• Japan In Focus

Nihombashi Mitsukoshi Boasts History as 1st Department Store in Japan

The Yomiuri Shimbun
A sculpture of a heavenly maiden is seen in the central hall of the main building of the Nihombashi Mitsukoshi Main Store in Chuo Ward, Tokyo.

The main building of the Nihombashi Mitsukoshi Main Store in Chuo Ward, Tokyo, is Mitsukoshi’s flagship store and believed to be the first department store in Japan. It stands close to the Nihombashi bridge, the starting point of the Tokaido and four other major travel routes in the Edo period (1603-1867).

The main building was rebuilt in 1927 after the 1923 Great Kanto Earthquake and is designated as a national important cultural property. A pair of lion statues greeting visitors at the main entrance were installed in 1914 when the store was first built and have long been familiar to visitors as a symbol of the department store.

The 2.69-meter-long statues are called “miracle lions” because they came out nearly unscathed when the building was damaged by the earthquake, and even avoided being scrapped for munitions amid the mandate to turn in metal objects during World War II. According to the department store, some people try to straddle them in the middle of the night because it is said one’s wish comes true if they ride them without being seen by anyone else.

In the central hall of the department store, in a five-story atrium, stands an 11-meter-tall sculpture of a heavenly maiden who represents the store’s philosophy of “magokoro,” or sincerity. Sculptor Gengen Sato used a 500-year-old cypress tree to create the statue, which took about 10 years to complete.

Children, tourists and other visitors can be seen spotting ammonites and other fossils embedded in the marble used for walls and other parts of the store interior.

The Yomiuri Shimbun
Fossils contained in marble used for the interior of the department store include one as wide as 65 centimeters.

Mitsukoshi’s predecessor was Echigoya, a kimono store founded by the Mitsui family in 1673. On the rooftop is a branch shrine of Mimeguri Shrine in Sumida Ward, Tokyo. Because the kanji for “meguri” (“囲”) of “mimeguri” is the kanji representing the “i” (“井”) of “Mitsui” enveloped, or “guarded,” by a square box, the shrine is believed to be the guardian deity of the family.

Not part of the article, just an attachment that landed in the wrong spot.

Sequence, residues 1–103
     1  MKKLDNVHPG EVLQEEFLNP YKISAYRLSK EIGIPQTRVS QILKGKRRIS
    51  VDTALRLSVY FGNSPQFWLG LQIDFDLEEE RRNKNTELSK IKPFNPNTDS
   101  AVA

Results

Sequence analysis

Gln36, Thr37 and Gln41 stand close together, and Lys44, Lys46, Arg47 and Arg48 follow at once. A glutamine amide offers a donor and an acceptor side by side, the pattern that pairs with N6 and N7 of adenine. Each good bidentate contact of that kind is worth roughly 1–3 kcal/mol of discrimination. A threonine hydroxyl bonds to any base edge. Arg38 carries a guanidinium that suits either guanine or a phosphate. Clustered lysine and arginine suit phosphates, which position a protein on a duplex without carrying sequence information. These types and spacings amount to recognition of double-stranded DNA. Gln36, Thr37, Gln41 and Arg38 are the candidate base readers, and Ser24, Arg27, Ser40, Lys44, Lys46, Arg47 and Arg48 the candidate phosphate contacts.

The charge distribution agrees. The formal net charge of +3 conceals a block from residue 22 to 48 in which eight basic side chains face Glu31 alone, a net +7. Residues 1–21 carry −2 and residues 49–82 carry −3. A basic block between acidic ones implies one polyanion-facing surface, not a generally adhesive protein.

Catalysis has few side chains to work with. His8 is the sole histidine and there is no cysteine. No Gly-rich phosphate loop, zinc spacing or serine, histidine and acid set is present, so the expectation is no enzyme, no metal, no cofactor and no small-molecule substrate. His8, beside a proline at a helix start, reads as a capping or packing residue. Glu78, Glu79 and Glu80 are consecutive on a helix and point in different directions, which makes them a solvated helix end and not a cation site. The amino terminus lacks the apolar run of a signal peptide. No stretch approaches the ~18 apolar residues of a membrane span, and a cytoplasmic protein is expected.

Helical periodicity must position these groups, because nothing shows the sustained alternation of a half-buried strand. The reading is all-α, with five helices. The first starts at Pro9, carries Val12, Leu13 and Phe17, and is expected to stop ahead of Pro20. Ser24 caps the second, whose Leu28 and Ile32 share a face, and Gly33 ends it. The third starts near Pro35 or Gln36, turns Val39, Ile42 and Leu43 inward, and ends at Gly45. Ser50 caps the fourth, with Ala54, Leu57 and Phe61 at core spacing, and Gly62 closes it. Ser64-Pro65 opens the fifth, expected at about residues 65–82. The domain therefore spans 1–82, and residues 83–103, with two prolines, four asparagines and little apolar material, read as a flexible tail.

The Yomiuri Shimbun
Mimeguri Shrine on the rooftop of the department store

According to store manager Ryota Marui, 51, store employees pray for the health of customers at the shrine on the first day of every month. Marui says the shrine is “a guardian of the entire Nihombashi area, where the Mitsui group is engaged in community development.”

The Yomiuri Shimbun
Store manager Ryota Marui stands with one of the lion statues, modeled after a statue at Trafalgar Square in London.

When it was a kimono store, Mitsukoshi became one of first retailers to introduce sales methods that are common today, such as using price tags to show the same prices to every customer and displaying products. In 1904, Mitsukoshi became the first retailer that declared to operate as a department store like those in the United States.

Amid the expansion of large-scale malls and e-commerce, the department store industry is in the midst of a changing landscape. Through my visit, I was able to witness Mitsukoshi’s unchanging spirit of sincerity and where the history of Japanese department stores started.

The Yomiuri Shimbun

Nihombashi Mitsukoshi Main Store

Address: 1-4-1 Nihombashi-Muromachi, Chuo Ward, Tokyo

Access: A 1-minute walk from Mitsukoshimae Station or a 5-minute walk from Nihombashi Station

Memo: Open 10 a.m. to 7 p.m. (food section and restaurant hours may vary).